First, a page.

In response to Senate Majority Leader Mitch McConnell‘s recent dismissal of reparations as not “a good idea” for the U.S. government to consider giving descendants of enslaved people, especially since no one currently alive “is responsible,” “Between the World and Me” author Ta-Nehisi Coates told lawmakers at a House committee hearing that the debate over reparations is “a dilemma of inheritance.”
Coates told lawmakers that many of the inequalities created by centuries of slavery persist today, including in the form of economic and health disparities. Watch Coates above read his 2014 “The Case for Reparations” essay here, read some of his testimony below:
The method of cultivating this asset was neither gentle cajoling nor persuasion, but torture, rape, and child trafficking. Enslavement reigned for 250 years on these shores. When it ended, this country could have extended its hallowed principles — life, liberty, and the pursuit of happiness — to all, regardless of color. But America had other principles in mind. And so, for a century after the Civil War, black people were subjected to a relentless campaign of terror, a campaign that extended well into the lifetime of Majority Leader McConnell.
It is tempting to divorce this modern campaign of terror, of plunder, from enslavement, but the logic of enslavement, of white supremacy, respects no such borders, and the god of bondage was lustful and begat many heirs. Coup d’états and convict leasing. Vagrancy laws and debt peonage. Redlining and racist G.I. bills. Poll taxes and state-sponsored terrorism.
We grant that Mr. McConnell was not alive for Appomattox. But he was alive for the electrocution of George Stinney. He was alive for the blinding of Isaac Woodard. He was alive to witness kleptocracy in his native Alabama and a regime premised on electoral theft. Majority Leader McConnell cited civil rights legislation yesterday, as well he should, because he was alive to witness the harassment, jailing, and betrayal of those responsible for that legislation by a government sworn to protect them. He was alive for the redlining of Chicago and the looting of black homeowners of some $4 billion. Victims of that plunder are very much alive today. I am sure they’d love a word with the majority leader.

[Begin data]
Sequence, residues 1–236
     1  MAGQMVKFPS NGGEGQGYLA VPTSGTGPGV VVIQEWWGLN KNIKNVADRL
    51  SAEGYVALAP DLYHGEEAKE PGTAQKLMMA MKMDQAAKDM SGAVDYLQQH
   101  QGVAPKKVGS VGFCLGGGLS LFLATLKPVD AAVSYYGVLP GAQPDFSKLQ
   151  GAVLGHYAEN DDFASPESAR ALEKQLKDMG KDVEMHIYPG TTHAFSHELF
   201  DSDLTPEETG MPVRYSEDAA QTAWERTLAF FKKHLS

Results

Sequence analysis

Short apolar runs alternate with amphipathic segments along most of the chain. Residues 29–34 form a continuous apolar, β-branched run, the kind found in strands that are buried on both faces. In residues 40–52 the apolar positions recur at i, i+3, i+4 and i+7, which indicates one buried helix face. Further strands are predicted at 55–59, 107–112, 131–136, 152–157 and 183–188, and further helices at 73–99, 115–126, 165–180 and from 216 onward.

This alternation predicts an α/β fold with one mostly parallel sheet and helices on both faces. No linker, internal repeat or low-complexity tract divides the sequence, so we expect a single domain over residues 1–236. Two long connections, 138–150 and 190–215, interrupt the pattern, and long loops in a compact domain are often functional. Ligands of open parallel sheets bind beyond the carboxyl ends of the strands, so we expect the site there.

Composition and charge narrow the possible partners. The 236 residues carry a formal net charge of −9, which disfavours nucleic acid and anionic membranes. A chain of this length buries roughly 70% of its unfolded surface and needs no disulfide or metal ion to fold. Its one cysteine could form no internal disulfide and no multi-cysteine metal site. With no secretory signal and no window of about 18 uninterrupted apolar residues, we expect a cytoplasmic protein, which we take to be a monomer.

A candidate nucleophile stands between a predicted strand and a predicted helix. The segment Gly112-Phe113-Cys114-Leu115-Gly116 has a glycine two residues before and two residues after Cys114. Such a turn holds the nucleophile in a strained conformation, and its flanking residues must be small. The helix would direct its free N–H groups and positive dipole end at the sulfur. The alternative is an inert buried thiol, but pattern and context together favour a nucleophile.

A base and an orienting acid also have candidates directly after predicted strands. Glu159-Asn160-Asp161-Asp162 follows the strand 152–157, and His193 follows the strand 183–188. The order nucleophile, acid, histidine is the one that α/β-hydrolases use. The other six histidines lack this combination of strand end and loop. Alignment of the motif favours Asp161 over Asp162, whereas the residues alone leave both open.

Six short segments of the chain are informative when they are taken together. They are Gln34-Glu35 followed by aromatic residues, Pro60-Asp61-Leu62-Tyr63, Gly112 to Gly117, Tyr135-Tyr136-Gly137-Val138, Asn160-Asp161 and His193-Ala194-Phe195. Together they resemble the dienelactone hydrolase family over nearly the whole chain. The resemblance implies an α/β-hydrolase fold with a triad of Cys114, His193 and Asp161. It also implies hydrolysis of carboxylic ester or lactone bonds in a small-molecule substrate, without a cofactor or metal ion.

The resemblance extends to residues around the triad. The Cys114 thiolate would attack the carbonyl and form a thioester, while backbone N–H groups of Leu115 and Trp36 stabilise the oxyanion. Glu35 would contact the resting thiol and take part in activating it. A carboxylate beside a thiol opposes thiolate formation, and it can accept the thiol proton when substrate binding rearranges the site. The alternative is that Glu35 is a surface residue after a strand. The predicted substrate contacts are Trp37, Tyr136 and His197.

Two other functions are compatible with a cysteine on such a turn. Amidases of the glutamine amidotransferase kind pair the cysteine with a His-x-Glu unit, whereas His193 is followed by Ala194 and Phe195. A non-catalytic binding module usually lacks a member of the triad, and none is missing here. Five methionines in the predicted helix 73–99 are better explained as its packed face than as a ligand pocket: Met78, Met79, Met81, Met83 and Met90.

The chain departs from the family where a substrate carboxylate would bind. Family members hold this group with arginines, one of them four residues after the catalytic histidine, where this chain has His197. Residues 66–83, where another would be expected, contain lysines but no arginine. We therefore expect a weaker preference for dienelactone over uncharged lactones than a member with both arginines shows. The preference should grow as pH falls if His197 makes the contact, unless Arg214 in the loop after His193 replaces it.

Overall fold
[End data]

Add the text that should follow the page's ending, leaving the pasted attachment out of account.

What they know, what this committee must know, is that while emancipation deadbolted the door against the bandits of America, Jim Crow wedged the windows wide open. And that is the thing about Senator McConnell’s “something”: It was 150 years ago. And it was right now.
The typical black family in this country has one-tenth the wealth of the typical white family. Black women die in childbirth at four times the rate of white women. And there is, of course, the shame of this land of the free boasting the largest prison population on the planet, of which the descendants of the enslaved make up the largest share.
NEW YORK – On Tuesday, the mothers of Trayvon Martin and Jordan Davis will testify on Capitol Hill. The topic: “Stand Your Ground” laws. Sybrina Fulton and Lucia McBath will testify before the Senate Judiciary Committee’s Subcommittee on the Constitution, Civil Rights and Human Rights. The hearing, according to a notice on the Senate Judiciary Committee website is entitled “‘Stand Your Ground’ Laws: Civil Rights and Public Safety Implications of the Expanded Use of Deadly Force.”
Tallahassee, Florida-based state attorney William Meggs, and Harvard Law School professor and director of the Criminal Justice Institute Ronald S. Sullivan, Jr. are also expected to testify, along with a senior fellow from the Libertarian Cato Institute and John R. Lott, Jr., Ph.D., President of the Crime Prevention Research Center in Swarthmore, PA.